Johnson was able to press an emergency button calling for back up before losing consciousness. When help arrived, officers found Johnson, a father of five, slumped in the front seat of his car with his leg hanging out the door and one foot touching the ground. He was pronounced dead at Ben Taub Hospital.
Quintero said in the Tribune interview that he didn’t want to re-hash details of his crime. He quickly confessed to the murder at the time and cooperated with authorities, though he pleaded not guilty by reason of insanity. His lawyers contended that a childhood head injury made him act unreasonably in threatening situations.
But in the interview Quintero acknowledged a key point prosecutors argued during the trial — and one that his defense attorneys disputed: Looming over Quintero as he sat handcuffed in that squad car was the near certainty that he would go to prison for a long time if Johnson found out who he was.
“I knew I was in trouble. Since I came back, I knew I was in trouble,” he said. “I was worried about being put in prison.”
Quintero was convicted of capital murder, but in a decision that stunned both the defendant and the family of the police officer he murdered, the jury gave him life without parole instead of the death penalty prosecutors sought.
“I was expecting that I [would] get executed right there and then,” Quintero said. “It didn’t happen.”
Tightening the net
By the time the verdict was announced, Johnson’s murder had already sparked an outcry in Houston and beyond, immediately cranking up pressure on the city to change its immigration policy — namely, a 1992 order instructing that “officers shall not make inquiries as to the citizenship status of any person,” and forbidding police to contact immigration authorities unless suspects were arrested for serious misdemeanors or felonies.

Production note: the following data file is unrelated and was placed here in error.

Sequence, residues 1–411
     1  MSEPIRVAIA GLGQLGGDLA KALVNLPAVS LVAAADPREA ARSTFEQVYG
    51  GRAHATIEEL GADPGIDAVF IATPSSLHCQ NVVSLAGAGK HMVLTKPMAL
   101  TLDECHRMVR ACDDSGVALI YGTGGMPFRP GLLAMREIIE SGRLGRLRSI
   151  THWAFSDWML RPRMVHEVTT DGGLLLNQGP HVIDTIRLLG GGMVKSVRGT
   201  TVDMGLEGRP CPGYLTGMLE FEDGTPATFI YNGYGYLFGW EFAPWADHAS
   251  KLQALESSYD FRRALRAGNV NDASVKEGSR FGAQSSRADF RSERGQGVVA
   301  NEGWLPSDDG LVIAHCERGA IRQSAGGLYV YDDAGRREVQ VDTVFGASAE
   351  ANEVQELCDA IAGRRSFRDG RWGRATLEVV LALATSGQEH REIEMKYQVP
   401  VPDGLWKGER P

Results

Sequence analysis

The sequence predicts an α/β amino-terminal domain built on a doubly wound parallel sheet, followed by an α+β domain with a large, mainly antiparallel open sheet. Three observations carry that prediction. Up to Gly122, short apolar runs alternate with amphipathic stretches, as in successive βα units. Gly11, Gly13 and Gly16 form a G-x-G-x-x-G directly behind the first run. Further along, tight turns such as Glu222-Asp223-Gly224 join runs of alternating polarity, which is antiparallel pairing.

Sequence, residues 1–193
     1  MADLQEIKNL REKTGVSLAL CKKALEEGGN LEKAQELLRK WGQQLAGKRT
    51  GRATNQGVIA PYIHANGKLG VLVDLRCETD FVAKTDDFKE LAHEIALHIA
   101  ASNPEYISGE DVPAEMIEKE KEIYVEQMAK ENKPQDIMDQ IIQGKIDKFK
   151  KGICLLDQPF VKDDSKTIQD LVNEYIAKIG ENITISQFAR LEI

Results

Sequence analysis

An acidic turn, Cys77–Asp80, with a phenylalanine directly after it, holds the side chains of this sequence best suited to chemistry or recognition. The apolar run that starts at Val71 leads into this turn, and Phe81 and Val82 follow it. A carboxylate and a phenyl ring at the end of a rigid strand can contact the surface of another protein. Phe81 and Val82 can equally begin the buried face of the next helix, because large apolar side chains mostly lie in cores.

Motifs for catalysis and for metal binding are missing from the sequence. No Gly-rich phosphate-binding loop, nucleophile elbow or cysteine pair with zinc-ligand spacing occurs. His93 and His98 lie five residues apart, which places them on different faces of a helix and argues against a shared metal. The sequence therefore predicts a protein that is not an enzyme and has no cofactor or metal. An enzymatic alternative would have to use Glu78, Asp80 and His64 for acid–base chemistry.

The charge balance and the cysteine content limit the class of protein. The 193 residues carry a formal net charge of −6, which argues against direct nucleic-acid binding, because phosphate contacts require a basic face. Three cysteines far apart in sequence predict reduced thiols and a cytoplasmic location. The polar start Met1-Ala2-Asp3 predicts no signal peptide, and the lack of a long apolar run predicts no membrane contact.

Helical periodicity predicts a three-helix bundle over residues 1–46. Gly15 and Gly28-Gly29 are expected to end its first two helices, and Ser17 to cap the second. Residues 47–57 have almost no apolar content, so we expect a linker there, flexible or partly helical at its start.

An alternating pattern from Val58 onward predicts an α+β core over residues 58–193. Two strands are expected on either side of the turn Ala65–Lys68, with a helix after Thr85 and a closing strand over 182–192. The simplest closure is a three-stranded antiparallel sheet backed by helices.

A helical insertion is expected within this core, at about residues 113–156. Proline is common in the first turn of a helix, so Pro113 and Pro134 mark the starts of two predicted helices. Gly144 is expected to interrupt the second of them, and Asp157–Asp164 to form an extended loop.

On the day of Johnson’s funeral, officials with U.S. Immigration and Customs Enforcement met with city leaders, including then-Police Chief Harold Hurtt, to discuss cooperation between local law enforcement and federal immigration authorities, recalls Houston’s top ICE commander, former Special Agent in Charge Robert Rutt.
“I said, ‘Chief, you don’t allow us in your jails. You don’t notify us when you’re releasing illegal aliens that we have detainers on. And he goes, ‘What?’” Rutt said. “To Chief Hurtt’s credit, he said, ‘You know what, we’re making a policy change right now.’”
The announcement came two weeks after Johnson’s death, when police said they would start closely cooperating with federal authorities and would check the wanted status — including for immigration violations — of everyone arrested and incarcerated. That’s still the policy.
“As of right now, ICE is allowed back in the city jail,” said Rutt, now retired. “So it took the tragedy of Rodney Johnson being killed.”
Craig Ferrell, HPD’s former chief counsel, said Houston Police had never outright banned immigration authorities from its jails but was wary of turning over inmates based on civil violations, as many immigration infractions are. After Johnson’s murder, ICE and HPD struck a formal agreement to cooperate on immigration matters.